A Touch of Poetry
Some of the films shown at this year’s festival were undeniably poetic. The two most outstanding were the Dutch film 12 Months in a Day (Eeen dag in ‘t jaar) by Margot Schaap and the French film Stubborn (Une histoire américaine) by Armel Hostiou. Both were, naturally, films about love. The possibility and impossibility of love lend themselves to poetry, since poetry often deals with unfulfilled love.
Stubborn tells a classic story of amour fou. A French lover follows a woman he had an affair with in Paris to her home town of New York. He is convinced that she is the woman of his life and wants to be with her forever. But for the woman, it was just an affair and this clingy man gets on her nerves. The situation is complicated by the fact that she is already in love with another man in New York. She rejects him outright, but this does not keep him from harassing her all the time, making a fool out of himself. His yearning has become an obsession.
During his stay he encounters other women – a Danish girl, also a stranger to the city, who starts accompanying him on his foolish odyssey. She is a possible new love, and she would like to stay with him forever and a day. But her clinginess gets on his nerves – he feels harassed and insults her to get the message across. He is full of self-pity; having been rejected in his love and suffering without end, he is unaware of the pain he causes others.
This man is a fool for love. There is a kind of truth in his stupid behavior. Some might find this character funny, but some will also dislike and even detest him in the end. All the women in the film are much more appealing. This tragedy of a ridiculous man works as a kind of melancholy comedy. The story is masterfully told, and the odyssey through New York is shown in splendid images. The camerawork and the editing are brilliant. Stubborn was one of the most intense films of the festival, but it was not lucky enough to win a prize.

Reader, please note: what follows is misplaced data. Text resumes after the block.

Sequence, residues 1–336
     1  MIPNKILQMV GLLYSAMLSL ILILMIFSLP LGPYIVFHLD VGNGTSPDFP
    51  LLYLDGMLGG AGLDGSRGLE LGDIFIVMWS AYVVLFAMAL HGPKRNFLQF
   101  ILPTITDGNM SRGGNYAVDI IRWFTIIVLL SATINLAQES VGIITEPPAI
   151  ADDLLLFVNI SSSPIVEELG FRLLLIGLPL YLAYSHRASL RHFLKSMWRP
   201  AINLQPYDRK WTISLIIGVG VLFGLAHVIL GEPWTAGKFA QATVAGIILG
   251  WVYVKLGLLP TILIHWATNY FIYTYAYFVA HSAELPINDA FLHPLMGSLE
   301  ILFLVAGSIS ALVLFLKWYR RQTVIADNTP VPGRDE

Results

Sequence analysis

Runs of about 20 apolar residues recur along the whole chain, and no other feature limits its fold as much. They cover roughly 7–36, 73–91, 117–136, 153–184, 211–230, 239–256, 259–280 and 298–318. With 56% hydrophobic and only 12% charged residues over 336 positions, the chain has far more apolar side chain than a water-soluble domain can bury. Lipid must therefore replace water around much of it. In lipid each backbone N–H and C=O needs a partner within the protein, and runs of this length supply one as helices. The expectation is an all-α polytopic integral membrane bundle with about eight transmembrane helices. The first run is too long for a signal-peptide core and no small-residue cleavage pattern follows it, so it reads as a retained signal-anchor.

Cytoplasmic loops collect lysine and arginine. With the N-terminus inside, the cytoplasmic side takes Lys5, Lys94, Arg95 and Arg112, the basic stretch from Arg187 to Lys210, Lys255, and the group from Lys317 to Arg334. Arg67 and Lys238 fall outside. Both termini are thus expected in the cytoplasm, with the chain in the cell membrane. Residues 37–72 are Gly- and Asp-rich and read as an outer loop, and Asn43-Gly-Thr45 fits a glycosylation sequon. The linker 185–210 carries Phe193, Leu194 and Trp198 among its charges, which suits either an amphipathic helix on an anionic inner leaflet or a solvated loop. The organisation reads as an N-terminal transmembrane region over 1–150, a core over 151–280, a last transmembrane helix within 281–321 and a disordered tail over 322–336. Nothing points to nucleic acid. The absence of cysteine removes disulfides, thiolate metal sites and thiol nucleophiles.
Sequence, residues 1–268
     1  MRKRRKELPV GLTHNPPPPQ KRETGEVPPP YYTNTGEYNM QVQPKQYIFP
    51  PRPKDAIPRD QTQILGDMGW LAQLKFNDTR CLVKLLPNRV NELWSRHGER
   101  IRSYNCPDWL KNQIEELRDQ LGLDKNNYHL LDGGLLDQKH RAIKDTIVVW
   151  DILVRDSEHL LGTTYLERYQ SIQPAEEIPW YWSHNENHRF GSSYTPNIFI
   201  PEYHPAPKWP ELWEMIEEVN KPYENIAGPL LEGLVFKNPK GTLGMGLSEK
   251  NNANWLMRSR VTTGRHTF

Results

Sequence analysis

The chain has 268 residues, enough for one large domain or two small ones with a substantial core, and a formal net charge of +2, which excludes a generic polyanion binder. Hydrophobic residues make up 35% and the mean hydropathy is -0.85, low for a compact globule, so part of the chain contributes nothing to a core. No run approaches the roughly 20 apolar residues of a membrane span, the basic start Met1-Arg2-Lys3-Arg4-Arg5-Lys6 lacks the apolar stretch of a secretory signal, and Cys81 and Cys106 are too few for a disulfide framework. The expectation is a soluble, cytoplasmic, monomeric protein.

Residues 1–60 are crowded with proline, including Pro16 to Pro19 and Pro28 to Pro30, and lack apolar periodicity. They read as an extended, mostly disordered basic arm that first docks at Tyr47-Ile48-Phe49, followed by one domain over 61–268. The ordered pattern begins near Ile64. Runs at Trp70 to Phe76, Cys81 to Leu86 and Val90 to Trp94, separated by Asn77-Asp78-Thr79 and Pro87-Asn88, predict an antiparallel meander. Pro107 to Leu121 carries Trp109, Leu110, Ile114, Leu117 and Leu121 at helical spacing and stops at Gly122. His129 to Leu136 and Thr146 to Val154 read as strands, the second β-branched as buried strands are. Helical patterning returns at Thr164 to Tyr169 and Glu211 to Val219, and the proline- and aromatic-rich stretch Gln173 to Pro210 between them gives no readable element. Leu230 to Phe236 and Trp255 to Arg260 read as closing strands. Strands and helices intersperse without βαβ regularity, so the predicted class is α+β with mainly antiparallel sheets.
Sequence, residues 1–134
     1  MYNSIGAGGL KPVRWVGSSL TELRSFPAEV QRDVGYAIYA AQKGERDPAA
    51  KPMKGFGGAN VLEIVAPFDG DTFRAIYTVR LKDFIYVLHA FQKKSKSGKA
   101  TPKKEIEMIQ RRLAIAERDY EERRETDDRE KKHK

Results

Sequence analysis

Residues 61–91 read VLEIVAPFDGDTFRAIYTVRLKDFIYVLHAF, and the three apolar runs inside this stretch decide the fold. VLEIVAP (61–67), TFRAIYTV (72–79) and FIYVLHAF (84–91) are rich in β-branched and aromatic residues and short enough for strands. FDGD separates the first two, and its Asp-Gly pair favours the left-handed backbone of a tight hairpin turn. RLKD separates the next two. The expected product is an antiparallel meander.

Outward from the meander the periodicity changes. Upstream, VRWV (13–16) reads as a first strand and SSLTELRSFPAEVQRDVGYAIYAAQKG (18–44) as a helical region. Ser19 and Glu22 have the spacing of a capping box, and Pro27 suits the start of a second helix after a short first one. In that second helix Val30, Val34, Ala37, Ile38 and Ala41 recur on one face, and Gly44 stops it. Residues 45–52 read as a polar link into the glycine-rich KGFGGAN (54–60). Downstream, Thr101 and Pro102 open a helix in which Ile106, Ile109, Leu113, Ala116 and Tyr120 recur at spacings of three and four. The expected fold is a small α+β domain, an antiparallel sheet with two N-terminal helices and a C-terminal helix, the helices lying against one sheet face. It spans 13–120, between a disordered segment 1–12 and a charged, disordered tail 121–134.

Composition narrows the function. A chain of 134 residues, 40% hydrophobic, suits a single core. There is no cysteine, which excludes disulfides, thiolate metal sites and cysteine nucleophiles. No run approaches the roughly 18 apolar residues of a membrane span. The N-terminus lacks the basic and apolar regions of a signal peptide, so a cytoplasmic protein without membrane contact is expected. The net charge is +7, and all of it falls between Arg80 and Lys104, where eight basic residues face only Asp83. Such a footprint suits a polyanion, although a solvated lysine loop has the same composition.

12 Months in a Day, which did receive the FIPRESCI Prize, also tells the story of a man caught between two women. All three are in their mid-twenties. The man has had a love affair with one of the women, which ended due to differing expectations. He considers finding a new love with the other young woman, who was in love with his late best friend. This friend was the brother of the first woman, who now secretly hopes to win her lost lover back. Thus the three main characters are friends, bound together by a fourth who is deceased.
They stroll through Amsterdam on New Year’s Eve. The strolling goes on and on. In the end, it is New Year’s Eve again – but the following one. A year of strolling has passed, although to our eyes it was only one day. None of the characters’ expectations have come to pass – they are all still just friends. Their concepts of life and love are too different.
This film is a very subtle and beautiful poem. The “day” that we see encompasses all the seasons, starting and ending with winter. Morning corresponds to spring, midday to summer, evening to fall, and night to winter. The film was shot over the period of one year, but on just one day per month, making a shooting schedule of twelve days.
We accompany the friends through spring, summer and fall, and then lose them on the next New Year’s Eve. At that point we meet a lot of other young people, still unknown to us. Is there a relationship between them? Perhaps a hidden story could be told, similar to the one we just saw. Is there the possibility of love? That’s the essential question of all poetry.
Edited by Lesley Chow
© FIPRESCI 2015